'08 MVP, Allen's made most of All-Star Games.


Byline: Bill Doyle


Sore thumb and all, Ray Allen plans to play in his ninth NBA All-Star Game at 8 tonight in Phoenix and if he could he'd play in nine more.

"It's not like anything you ever become used to," Allen said. "All-Star weekend has its flare and dramatics involved. Every year the city changes so there's always something unique about it that makes it worth being a part of."

Age won't allow Allen to play in nine more All-Star Games. He's 33 and will be lucky to take part in two or three more. But he's made the most of his All-Star appearances so far, averaging 15.6 points in eight games.

Last year, in his first season with the Celtics, Allen was an injury replacement for Washington's Caron Butler and scored a game-high 28 points in less than 19 minutes. LeBron James won the All-Star Game MVP for his 27 points, 9 assists and 8 rebounds, but the East couldn't have recorded its six-point victory without Allen, who made 10 of 14 shots, including 5 of 9 3-pointers.

Tonight will be the first time that the entire Big Three will play in the All-Star Game as Celtics. Kevin Garnett will make his 11th All-Star appearance, but his first as a Celtic. Garnett was the leading vote getter last year in his first season in Boston, but didn't play in the All-Star Game because of a strained abdominal muscle. Paul Pierce will play in his seventh All-Star Game, tying Kevin McHale, Dave Cowens and Jo Jo White for seventh most by a Celtic. Bob Cousy and John Havlicek share the team record for most All-Star appearances with 13.

If Allen could change anything about the All-Star break, he'd make it longer so the All-Stars could rest after the game.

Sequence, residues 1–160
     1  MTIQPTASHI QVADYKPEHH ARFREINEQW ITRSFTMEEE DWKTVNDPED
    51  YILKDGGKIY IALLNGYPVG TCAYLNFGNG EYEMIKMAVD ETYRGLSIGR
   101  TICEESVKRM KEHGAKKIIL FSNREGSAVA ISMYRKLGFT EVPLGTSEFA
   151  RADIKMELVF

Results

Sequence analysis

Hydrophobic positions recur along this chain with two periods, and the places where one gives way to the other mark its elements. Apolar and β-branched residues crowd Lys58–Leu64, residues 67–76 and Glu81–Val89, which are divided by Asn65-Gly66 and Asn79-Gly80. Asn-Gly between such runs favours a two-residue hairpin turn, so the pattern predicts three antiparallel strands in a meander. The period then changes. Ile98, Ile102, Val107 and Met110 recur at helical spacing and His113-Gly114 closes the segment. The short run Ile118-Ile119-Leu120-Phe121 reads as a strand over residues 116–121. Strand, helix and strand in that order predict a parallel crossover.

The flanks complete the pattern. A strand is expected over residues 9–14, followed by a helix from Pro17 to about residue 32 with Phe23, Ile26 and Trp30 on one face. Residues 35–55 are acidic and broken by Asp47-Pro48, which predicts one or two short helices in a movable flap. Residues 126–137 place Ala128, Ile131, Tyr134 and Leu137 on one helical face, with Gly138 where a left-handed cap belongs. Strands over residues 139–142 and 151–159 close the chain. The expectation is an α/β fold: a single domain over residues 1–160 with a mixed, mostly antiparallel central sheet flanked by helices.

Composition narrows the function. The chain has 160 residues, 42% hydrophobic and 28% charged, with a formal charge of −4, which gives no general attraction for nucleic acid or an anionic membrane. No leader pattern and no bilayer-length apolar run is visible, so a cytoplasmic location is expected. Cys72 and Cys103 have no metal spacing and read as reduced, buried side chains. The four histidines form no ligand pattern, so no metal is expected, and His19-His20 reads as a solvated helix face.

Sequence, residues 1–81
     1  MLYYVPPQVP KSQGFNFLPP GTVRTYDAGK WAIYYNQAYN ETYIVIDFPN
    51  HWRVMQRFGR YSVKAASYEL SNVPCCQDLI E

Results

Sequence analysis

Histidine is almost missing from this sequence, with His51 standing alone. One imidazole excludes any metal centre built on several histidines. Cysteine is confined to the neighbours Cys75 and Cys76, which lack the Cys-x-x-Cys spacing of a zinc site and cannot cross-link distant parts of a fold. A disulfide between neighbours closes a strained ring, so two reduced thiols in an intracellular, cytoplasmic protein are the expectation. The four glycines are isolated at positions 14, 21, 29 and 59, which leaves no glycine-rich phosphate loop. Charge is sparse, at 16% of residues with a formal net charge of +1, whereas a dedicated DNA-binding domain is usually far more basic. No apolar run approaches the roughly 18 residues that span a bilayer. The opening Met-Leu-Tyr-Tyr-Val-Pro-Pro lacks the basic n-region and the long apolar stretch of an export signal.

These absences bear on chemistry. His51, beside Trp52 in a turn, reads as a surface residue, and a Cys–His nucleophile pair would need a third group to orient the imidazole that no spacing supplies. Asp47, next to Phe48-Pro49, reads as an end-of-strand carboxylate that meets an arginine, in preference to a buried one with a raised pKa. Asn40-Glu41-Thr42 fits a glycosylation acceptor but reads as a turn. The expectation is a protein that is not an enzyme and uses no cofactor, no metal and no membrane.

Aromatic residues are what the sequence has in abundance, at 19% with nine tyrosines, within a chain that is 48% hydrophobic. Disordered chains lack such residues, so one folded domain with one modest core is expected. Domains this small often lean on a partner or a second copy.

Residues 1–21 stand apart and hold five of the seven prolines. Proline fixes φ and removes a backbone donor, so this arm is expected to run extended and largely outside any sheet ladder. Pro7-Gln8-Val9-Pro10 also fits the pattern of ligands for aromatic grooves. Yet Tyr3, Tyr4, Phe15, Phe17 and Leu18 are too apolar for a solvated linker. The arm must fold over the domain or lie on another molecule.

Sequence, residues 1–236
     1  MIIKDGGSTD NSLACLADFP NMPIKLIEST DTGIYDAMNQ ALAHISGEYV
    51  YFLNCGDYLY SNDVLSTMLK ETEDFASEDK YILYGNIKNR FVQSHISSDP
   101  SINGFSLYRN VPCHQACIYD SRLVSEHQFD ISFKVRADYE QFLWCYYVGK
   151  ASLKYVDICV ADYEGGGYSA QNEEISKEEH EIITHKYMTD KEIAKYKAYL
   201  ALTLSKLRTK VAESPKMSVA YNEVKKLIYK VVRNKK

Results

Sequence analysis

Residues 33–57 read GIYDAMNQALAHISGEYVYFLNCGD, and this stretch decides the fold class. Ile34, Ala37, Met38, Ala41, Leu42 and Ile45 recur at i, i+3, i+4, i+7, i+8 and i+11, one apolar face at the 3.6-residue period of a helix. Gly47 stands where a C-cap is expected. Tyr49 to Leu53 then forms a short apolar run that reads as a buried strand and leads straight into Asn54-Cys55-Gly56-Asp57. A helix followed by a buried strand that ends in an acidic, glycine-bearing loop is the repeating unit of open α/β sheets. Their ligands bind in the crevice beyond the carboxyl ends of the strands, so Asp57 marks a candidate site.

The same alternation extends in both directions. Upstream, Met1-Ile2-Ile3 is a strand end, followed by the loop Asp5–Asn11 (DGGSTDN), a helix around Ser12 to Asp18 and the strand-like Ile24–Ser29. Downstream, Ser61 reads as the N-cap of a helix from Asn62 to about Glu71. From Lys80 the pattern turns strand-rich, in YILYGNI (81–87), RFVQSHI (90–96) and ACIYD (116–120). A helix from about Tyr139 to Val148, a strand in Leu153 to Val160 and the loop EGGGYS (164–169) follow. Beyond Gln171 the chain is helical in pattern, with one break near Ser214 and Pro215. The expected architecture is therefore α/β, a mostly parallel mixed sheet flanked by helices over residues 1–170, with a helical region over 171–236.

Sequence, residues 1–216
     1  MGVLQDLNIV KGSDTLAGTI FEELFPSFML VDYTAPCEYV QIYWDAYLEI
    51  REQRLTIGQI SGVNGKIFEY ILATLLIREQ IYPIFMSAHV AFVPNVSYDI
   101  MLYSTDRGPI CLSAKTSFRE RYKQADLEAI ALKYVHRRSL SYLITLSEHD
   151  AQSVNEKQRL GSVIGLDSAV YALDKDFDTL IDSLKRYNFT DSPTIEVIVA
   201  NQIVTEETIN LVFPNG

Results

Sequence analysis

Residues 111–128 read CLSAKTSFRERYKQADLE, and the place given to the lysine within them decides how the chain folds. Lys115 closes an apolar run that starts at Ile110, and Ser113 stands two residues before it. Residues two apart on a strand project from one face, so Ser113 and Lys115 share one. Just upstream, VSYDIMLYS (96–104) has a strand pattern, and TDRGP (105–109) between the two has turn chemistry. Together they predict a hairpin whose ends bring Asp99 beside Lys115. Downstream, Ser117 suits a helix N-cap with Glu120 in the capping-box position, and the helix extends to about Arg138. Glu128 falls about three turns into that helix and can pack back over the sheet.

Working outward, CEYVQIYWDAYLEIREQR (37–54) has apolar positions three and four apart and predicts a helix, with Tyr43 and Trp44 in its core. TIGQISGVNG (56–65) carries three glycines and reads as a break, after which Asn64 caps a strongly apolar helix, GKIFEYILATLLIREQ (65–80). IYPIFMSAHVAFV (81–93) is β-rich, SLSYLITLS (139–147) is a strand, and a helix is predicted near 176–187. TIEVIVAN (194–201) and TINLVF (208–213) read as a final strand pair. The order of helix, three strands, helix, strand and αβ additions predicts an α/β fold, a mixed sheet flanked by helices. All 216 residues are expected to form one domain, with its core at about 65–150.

"If you're participating in it," he said, "you're having a great time, but you're not really getting that time off."

Allen was the fifth pick of the 1996 NBA Draft, widely considered to be one of the greatest drafts of all-time, but not everyone predicted greatness for the former UConn star. For its February 1997 cover story on the 1996 rookie class, Slam magazine picked Allen as most likely to flop.

"They said I was one of those guys who wouldn't amount to much," Allen said. "Not that I needed motivation, but that was always something that was in the back of my mind."

Allen has a copy of the magazine at home, but he hasn't flipped through it in awhile.

"I don't have to look at it, it's always up here," he said pointing to his head.

Most experts rank the drafts of 1996, 1984 and 2003 as among the three...

To continue reading

Request your trial

VLEX uses login cookies to provide you with a better browsing experience. If you click on 'Accept' or continue browsing this site we consider that you accept our cookie policy. ACCEPT